[Dovecot] Saving Sent Messages to Sent Folder

Ed W lists at wildgooses.com
Fri Mar 5 13:18:55 EET 2010

On 05/03/2010 10:10, Timo Sirainen wrote:
> On Fri, 2010-03-05 at 09:59 +0000, Ed W wrote:
>>> MUA would have to support both of those URLAUTH and BURL extensions, so
>>> that it can register a temporary URL on the IMAP server, then connect to
>>> SMTP server and give that URL to BURL command (instead of sending the
>>> mail with DATA command).
>>> So from MUA's point of view it's basically the same as before: save to
>>> IMAP and after that send via SMTP.
>> This seems like such a convolution...
>> Given that the RFC already proposes some changes to the IMAP side then
>> it would seem sensible to get the IMAP server to do the proxy connection
>> to the MTA and deliver. Perhaps a simple case of adding a flag when
>> saving into a folder would mark the message as being required to be sent
>> onwards?
> Well, I'm not very happy about the idea of IMAP server sending messages
> to SMTP server either.. :)

Go on... Why's that..?

Weight of history defines that we do things in certain ways and we 
sometimes get stuck in a bit of a rut, but if M$ has shown us one thing 
it's that we should (cautiously) look at how disparate systems can be 
integrated into a cohesive whole (granted they also showed how you can 
make an insecure system also, but I think that's an optional problem).

Not a dig at Dovecot, but: many software projects overlook the 
opportunity to integrate with other systems and become larger than the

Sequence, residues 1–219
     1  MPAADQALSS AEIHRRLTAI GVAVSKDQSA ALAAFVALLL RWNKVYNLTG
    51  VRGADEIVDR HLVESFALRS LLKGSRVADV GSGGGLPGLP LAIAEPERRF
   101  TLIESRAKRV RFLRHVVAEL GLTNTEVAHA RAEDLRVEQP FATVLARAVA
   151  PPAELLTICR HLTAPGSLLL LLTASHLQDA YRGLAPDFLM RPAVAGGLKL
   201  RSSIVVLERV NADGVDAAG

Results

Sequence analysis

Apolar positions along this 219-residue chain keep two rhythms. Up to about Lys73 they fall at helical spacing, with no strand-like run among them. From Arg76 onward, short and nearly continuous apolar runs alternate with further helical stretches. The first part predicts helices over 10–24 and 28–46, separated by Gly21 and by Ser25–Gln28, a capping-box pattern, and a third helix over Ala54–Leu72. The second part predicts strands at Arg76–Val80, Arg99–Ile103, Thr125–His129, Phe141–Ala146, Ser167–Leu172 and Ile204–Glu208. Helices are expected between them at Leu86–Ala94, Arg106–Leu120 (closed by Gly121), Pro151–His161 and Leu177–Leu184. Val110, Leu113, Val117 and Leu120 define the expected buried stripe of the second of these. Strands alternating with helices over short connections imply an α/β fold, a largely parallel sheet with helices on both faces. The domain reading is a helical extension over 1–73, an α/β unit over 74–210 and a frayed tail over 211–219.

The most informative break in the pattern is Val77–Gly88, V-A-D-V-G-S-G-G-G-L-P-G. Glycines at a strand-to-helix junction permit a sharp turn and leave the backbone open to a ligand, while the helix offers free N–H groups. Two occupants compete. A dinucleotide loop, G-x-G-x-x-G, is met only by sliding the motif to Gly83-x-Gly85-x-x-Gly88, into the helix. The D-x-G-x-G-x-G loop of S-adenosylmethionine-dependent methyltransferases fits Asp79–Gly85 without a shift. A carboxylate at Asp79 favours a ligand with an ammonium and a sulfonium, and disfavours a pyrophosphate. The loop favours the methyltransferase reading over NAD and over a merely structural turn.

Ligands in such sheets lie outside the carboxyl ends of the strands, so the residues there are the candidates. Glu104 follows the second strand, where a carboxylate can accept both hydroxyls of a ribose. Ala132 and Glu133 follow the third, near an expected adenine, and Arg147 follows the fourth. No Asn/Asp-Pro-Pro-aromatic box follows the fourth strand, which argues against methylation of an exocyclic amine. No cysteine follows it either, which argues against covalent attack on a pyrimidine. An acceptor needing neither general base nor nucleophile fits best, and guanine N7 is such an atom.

individual pieces.  An example in point would be that I'm sitting here 
battling with SNMP + Cacti + Nagios trying to get them all to talk to 
each other... There has to be a reason Groundworks charges so much for 
selling you a package where this is already done...

Spinning off at a tangent, but I fell in love with (the concept of) 
Lotus Notes some 18 years ago.  The way I saw it was a massive 
distributed multi-master data store + some presentation layers which 
could make any database look like whatever you wanted it to look like.  
I used it for:
- Email inbox
- Calendar
- Project documentation, discussion and design
- Staff holiday tracking
- Recruitment workflow (track all candidate details, results of 
interviews, contact correspondence, etc)
- Loads of inhouse custom one off projects

I also used it as an SQL database (with a bit of magic) and built an 
application used to handle billions of £s of financing for a UK bank.  
The IRA blew up one of the banks offices (which kind of stopped the 
server working so well), all the staff simply changed their Notes tel 
number to that of a different office and just carried on as though 
nothing had happened...  No data lost, work carried on

I had naively assumed that IMAP servers would head down the same road... 
To my eye it's all just unstructured data and I really don't see what's 
so special about a CalDev server or an SMTP server which makes it 
anything other than a plugin to "an unstructured data store".

If anyone starts to buy that idea then lift your vision and imagine that 
we start to see all these just distributed databases, specialist 
interfaces to query them efficiently and a bunch of protocols to 
distribute documents between the databases - personally I would then 
vote we start to shift to some kind of jabber style protocol to connect 
all these datastores together.  Once you head down that road you can 
imagine perhaps an MMS style storage model where the sender hosts all 
the mail storage and just sends a short "SMS" note to the recipient to 
let them know an email is waiting for them. (possibly even has some 
small positive anti-spam benefit...)

Anyway, back to reality...

So what's the problem with a protocol extension which effectively means 
"take this message, connect to the server which was pre-configured and 
fully tested by you earlier, and give it a "MAIL FROM", "RCPT TO", 
"DATA" and let me know the answer"?


Ed W

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